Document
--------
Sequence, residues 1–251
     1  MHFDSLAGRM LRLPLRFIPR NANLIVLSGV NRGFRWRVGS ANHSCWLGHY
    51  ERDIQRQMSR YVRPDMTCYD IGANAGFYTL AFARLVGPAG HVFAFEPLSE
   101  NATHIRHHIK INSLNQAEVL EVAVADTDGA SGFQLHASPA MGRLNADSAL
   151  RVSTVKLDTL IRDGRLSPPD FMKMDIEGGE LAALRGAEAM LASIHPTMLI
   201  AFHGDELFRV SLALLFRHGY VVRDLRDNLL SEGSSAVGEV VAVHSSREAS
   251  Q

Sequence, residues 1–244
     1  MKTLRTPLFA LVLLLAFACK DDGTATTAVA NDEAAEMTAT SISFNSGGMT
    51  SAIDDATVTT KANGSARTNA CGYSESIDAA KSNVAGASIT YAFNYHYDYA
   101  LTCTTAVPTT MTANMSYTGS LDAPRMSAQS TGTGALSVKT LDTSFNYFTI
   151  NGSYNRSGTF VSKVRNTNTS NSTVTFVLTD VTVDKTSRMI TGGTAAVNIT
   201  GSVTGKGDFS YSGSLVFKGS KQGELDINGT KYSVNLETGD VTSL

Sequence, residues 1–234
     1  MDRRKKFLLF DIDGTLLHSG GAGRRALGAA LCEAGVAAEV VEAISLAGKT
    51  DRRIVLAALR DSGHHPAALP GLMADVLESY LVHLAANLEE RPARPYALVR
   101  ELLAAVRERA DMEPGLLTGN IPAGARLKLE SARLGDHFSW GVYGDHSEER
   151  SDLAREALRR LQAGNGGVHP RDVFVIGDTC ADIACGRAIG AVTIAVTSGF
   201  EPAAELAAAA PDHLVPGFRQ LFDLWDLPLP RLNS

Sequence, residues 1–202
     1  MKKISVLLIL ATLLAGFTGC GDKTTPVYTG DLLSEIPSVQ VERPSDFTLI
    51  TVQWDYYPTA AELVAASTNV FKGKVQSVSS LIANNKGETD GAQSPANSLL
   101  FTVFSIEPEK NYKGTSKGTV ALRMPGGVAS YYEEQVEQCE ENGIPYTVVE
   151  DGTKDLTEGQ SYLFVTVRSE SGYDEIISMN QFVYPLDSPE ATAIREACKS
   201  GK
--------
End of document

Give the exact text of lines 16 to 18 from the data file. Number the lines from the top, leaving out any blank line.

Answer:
    51  DRRIVLAALR DSGHHPAALP GLMADVLESY LVHLAANLEE RPARPYALVR
   101  ELLAAVRERA DMEPGLLTGN IPAGARLKLE SARLGDHFSW GVYGDHSEER
   151  SDLAREALRR LQAGNGGVHP RDVFVIGDTC ADIACGRAIG AVTIAVTSGF